The true 25th Anniversary Camaro was going to be a police package (B4C-RS) Camaro that would be produced in high volume for the public. But the idea was squashed when the economy started to take a turn for the worst prompting Chevrolet to stay focused on more affordable fuel-efficient cars. So the trend of the slow 1980s sports cars continued on into 1992 with the Camaro RS and Z28 packages with low out-put engines.

Two prototype RS Camaros were built with the (B4C RS) package. Chevrolet was on board to produce 602 of these Camaros before the project received the ax. The 602 production numbers were supposed to be a throwback to the amount of Z28s that was built back in 1967, the first year Chevrolet produced the Camaro.

Special Features the V8 RS Camaro Would Have Received:
  • A specialized L98 Engine
  • Trick Cam
  • A specialized intake system for better flow
  • One-off tube headers
  • Three-inch exhaust
  • Corvette ported aluminum heads
  • A ZF6 Corvette 6-speed transmission
  • A modified suspension for a softer ride and better handling
  • Modified fronts seats to better hold the occupants
  • 245/50ZR16 tires on black diamond-cut rims

This combination was good enough to produce 300+ horsepower rocketing the Camaro down the quarter-mile at a consistent 13.50s at 104mph. This may not seem like much now, but in the early 90s, that would have been faster than any Corvette, Firebird, or Mustang that was coming off the assembly line at the time.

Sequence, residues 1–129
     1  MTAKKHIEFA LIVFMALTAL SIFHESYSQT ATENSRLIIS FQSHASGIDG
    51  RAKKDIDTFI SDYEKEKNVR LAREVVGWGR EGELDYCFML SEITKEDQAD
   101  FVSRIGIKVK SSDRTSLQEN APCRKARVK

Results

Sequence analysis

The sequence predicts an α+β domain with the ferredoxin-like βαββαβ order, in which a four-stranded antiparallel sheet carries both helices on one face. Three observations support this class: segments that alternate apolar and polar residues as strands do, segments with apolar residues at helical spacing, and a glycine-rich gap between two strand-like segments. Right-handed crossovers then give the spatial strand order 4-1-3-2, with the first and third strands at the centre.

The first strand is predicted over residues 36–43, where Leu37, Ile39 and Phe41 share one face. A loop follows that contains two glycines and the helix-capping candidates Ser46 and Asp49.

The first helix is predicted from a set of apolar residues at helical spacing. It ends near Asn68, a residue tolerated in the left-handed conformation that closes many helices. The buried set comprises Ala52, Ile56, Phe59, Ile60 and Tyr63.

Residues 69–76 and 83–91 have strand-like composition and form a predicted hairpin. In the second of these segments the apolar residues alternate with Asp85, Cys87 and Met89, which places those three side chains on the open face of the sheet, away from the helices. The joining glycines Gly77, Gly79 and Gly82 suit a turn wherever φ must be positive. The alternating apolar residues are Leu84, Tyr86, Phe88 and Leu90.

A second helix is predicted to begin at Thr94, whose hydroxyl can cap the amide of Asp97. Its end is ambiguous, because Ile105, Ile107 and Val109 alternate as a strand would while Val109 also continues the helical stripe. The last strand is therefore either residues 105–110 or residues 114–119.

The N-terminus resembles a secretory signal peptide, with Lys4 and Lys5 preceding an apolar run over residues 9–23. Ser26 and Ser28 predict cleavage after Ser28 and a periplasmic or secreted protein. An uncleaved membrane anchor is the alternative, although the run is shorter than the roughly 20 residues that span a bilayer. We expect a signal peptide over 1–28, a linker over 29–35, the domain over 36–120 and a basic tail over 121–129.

Other problems the Camaro RS police package encounter were the sticker prices. At $29,000, that would have made the Camaro a much more expensive ride than its competitors. So Chevrolet decided the best thing to do was to produce the Camaro, but take off all of the extras except for the heritage strips and the 25th Anniversary emblems.

With only two being built, these Camaros would be a couple of the rarest Camaros out there today. But, unfortunately, since they were never put into production and they were only considered as prototypes, they may be rare, but they are not considered very valuable.

Although I have searched, I have yet to find a confirmed 1992 25th Annerverey (B4C RS) Camaro. My assumption is they are either in a museum somewhere or two different owners are driving around a Camaro with no real knowledge of what they are driving.

If they were put into production, would they have been one of the most collectible Camaros of all time?

I guess we'll never know.

Thursday, March 28, 2019

1968 COPO Camaro Z28 Convertible: The Rarest Camaro Built

package (B4C-RS)

Rarest Camaro Every Built

1968 COPO Camaro Z28 Convertible